From the viewpoint of a utilitarian ethicist, the act (which is described above) is morally wrong because many parties suffered as result of the case. Vonda lost her job. Bill did not get what he wanted in the end. Stapleton Broker lost Vonda who was an asset to the company. In addition, other employees of the company also stand to lose because of the blow the sexual harassment case dealt to the company’s reputation. An ethical egoist, on the other hand, would say that Bill and Vonda’s relationship was morally right. People from this school of thought would argue that both stand to gain from it.

Vonda gained a boost to her self-esteem when a young man suddenly paid her attention, and Bill was only protecting his self-interest, which was to get a job promotion. Ethical relativist would say that the act might be morally right or wrong depending on one’s belief system. If one was raised in a competitive world were aggressiveness was valued, then it is right to advance one’s interest over others. However, if one had a traditional conservative view, taking advantage of another person for the sake of boosting one’s career will be perceived as morally wrong.

Lastly, ethical absolutist would say that Vonda and Bill’s relationship is morally wrong. According to Kantian principles, you do not use people as means to an end (“Immanuel Kant”, 2007, Second Formulation section, para. 1). According to Christian principles, you must love your neighbor and not take advantage of them. My personal stance on this would be the same as Kant’s philosophy. One does not do an act that cannot be applied universally. To decide whether an act is morally right, it must be morally right when applied to all situations. It must be something that one would also want to be done to him.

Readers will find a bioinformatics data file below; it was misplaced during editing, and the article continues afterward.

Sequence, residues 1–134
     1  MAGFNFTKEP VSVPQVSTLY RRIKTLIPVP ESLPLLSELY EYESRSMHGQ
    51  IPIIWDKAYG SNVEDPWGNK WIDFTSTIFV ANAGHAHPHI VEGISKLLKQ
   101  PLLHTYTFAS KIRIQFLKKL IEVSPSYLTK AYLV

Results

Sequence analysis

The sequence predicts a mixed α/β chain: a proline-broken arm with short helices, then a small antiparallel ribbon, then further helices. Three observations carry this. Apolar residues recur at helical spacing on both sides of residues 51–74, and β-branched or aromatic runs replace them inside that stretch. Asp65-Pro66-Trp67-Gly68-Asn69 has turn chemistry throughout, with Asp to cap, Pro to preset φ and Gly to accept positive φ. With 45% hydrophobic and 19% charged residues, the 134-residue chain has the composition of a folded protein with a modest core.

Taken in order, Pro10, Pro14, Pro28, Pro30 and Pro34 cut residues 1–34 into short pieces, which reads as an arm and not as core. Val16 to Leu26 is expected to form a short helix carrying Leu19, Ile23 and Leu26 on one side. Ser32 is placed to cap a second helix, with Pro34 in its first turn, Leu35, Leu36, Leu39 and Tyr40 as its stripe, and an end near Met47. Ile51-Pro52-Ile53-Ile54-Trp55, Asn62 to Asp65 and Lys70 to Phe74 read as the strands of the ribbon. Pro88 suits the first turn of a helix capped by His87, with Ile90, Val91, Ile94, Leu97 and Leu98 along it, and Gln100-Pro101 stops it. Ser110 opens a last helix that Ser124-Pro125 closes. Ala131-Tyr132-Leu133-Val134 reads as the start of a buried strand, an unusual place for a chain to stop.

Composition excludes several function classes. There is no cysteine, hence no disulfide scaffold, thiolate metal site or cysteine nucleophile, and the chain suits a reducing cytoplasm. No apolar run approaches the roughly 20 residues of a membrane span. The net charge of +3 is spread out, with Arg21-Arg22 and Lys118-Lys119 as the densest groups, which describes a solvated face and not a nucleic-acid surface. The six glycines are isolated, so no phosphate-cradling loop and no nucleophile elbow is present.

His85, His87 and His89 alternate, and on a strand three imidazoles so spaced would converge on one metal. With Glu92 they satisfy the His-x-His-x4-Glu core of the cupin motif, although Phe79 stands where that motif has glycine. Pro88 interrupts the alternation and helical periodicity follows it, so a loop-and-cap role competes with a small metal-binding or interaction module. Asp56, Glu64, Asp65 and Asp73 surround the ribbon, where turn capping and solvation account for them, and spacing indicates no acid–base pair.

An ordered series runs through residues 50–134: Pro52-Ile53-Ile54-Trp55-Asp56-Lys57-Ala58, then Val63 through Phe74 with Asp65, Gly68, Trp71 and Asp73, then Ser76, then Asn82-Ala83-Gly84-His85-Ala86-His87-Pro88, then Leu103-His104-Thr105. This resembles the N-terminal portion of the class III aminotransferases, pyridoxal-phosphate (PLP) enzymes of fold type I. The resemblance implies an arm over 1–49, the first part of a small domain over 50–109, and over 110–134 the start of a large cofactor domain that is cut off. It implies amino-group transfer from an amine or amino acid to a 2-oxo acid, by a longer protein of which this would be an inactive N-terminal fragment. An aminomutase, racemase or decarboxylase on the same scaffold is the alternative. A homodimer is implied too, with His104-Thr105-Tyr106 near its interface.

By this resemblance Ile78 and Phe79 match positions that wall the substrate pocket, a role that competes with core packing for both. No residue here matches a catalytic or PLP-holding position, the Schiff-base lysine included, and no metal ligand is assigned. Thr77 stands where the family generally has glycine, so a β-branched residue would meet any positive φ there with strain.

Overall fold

This is also similar to the golden rule, which says, “Do unto others want you want others to do unto you”. In the case of Bill and Vonda’s relationship, though what Bill did may be perceived as right in certain cases (especially if he did it out of desperation), it is not something that will be perceived as morally right universally. One does not use another as a means to an end. The human being himself should be the end. Therefore, Vonda and Bill’s relationship is morally wrong.


American Bar Association. (2007). The law and your job. Retrieved July 31, 2007, from http://www. html. Employement labor law. (2007). Retrieved August 2, 2007, from http://employment-law. freeadvice. com/sexual_harassment/employer_liable_quid_pro_quo_harassment. Immanuel Kant. (2007).

Retrieved July 31, 2007, from http://en. wikipedia. org/wiki/Immanuel_Kant. Roberts, B. S. & Mann, R. A. (n. d. ) Sexual harassment in the work place: A primer. Retrieved July 31, 2007, from http://www3. uakron. edu/lawrev/robert1. html. U. S. Equal Opportunity Commission. (2007). Sexual harassment. Retrieved August 2, 2007, from http://www. eeoc. gov/types/sexual_harassment. html.